And Then I Had To Take Antibiotics…
And then in 2017, things took a turn for the worse.
I started trying to be a superwoman overachiever again. I wanted and tried to live a more “normal” life. I wasn’t getting enough sleep so my immune system wasn’t happy.
I ended up with a kidney infection that required me to take an antibiotic called nitrofurantoin. Within two doses of the antibiotic, I had symptoms of a vaginal yeast infection. It was only my second time ever having a yeast infection (and the first time it went away right away).
My doctor instructed me to discontinue the antibiotic and to take probiotics. I bumped up my dose of a strong probiotic called VSL#3 for a few days and it seemed to go away. So I thought the issue was resolved. But over the next several months, I began to develop mysterious symptoms (later found to be caused by vaginal yeast overgrowth):
- Sore throat, especially upon waking
- Extreme fatigue, especially in the afternoons around 2 PM
- Very low ferritin (9 and 14 ng/mL at the two times it was measured)- this occurred despite eating meat and not having any other obvious risk factors for iron deficiency
- Discomfort with urination- it was minor, but basically felt like early signs of a urinary tract infection (UTI)- but almost all the time…I went to the doctor multiple times for a urine test to check for UTIs, but the dipstick never showed signs of infection and the cultures came back normal (other than showing mucus which is a sign of inflammation).
I went to several doctors to try to get a diagnosis, but everyone was stumped. They tested for mononucleosis, cytomegalovirus, bacterial vaginosis, urinary tract infections (again and again because it felt so much like one), sexually transmitted diseases (by the way, did you know it is super easy to order STD testing online?), and a whole host of other tests that I can’t remember.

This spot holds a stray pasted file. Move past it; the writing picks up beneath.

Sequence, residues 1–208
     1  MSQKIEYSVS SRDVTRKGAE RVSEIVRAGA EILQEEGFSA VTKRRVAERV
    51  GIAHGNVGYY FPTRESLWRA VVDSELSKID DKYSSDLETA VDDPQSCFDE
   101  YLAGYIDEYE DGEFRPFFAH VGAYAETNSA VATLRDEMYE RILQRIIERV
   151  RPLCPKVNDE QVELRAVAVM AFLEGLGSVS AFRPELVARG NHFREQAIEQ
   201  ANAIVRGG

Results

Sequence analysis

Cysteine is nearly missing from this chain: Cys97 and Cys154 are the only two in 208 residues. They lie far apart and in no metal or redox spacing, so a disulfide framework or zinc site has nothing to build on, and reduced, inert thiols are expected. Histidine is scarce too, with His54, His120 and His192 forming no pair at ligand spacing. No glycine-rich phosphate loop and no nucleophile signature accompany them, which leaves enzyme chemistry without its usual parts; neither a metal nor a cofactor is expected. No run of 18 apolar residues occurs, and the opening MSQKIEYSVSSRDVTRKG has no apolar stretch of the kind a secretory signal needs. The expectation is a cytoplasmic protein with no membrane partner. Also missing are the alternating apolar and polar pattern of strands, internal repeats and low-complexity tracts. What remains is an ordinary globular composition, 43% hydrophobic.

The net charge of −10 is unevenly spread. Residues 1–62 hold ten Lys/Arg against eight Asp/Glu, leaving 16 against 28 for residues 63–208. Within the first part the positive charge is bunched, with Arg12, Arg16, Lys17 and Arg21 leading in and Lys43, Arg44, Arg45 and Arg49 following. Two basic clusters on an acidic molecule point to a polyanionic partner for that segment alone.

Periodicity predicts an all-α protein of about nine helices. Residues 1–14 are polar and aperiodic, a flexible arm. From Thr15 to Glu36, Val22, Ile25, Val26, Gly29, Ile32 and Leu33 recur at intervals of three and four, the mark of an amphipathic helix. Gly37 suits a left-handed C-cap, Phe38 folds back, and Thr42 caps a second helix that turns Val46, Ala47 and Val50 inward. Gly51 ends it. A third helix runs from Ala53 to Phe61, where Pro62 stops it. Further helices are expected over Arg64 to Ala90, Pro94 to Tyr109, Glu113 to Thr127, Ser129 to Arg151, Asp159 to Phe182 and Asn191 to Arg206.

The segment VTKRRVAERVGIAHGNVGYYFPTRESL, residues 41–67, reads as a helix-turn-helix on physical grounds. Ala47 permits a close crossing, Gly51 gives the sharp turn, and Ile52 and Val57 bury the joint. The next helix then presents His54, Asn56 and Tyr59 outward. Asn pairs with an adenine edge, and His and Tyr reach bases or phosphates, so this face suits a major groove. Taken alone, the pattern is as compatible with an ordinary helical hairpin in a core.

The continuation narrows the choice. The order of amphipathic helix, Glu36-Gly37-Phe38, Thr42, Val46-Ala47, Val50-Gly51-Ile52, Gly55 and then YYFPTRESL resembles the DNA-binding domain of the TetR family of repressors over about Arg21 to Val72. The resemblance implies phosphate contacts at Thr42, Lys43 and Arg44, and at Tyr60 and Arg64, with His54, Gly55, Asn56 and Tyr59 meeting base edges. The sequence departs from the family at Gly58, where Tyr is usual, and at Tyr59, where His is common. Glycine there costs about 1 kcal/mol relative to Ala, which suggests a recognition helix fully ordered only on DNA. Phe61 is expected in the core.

I was even referred to a urologist who wanted me to undergo cystoscopy as part of a work up that would likely eventually lead to the unhelpful diagnosis of “interstitial cystitis”. And that procedure would require taking another antibiotic…
It wasn’t until 5 months later during a routine women’s health exam (two weeks before I was scheduled for a cystoscopy that I then cancelled!) that my doctor connected the pieces of the puzzle. She said she could literally see the yeast (based on the type of discharge produced).
I was confused at first because the urologist had tested via a yeast culture and it was negative! But my doctor told me that test is not very sensitive and was likely a false negative. So she sent me for a more sensitive test called a wet prep or wet mount. It was quick and painless and sure enough, she was right- yeast was brewing.
It is my theory that because I was eating a nutritious diet that mostly avoided yeast’s favorite foods (dairy, gluten, sugar), the infection was slow to develop and didn’t present like a typical yeast infection.
So we began treating the yeast. And I started experiencing relief immediately. But I developed resistance to the first antifungal really quickly. And with each subsequent treatment we tried that were aimed at yeast, my symptoms improved, but only until the resistance built.
Here’s everything that helped me find relief from symptoms of vaginal yeast overgrowth (in order from most to least helpful):
- Tea tree oil suppositories (on Amazon)
- Avoiding sugar/fruit
- Thorne SF 722 (on Wellevate)
- Marshmallow root tincture (on Wellevate)
- Boric acid suppositories (on Amazon)
- Priority One Urinary Tranquility (on Wellevate)
- Nystatin (prescription)
- Ginger (Nature’s Way Brand on Wellevate)
- Plenty of rest
- Genestra Candicin (on Wellevate)
- Uva ursi tincture (on Wellevate)
- Diflucan (prescription)
- Monistat (at any pharmacy)
- Probiotic suppositories (I used a needless syringe, sauerkraut juice, and a “candlestick” yoga pose in the bathtub)
- Saccharomyces boulardii (Klaire Labs on Wellevate)
- Biocidin (on Wellevate)
- Priority One Biofilm Phase II Advanced (on Wellevate)
As you can see, I tried a lot of things. My doctor ran out of ideas. And I wanted a sustainable solution.
Frequently Asked Questions About FMT
I have gotten lots of questions about fecal microbiota transplantation (FMT) since sharing that I was undergoing the procedure, so I wanted to take a moment to answer them here for those who want to know more: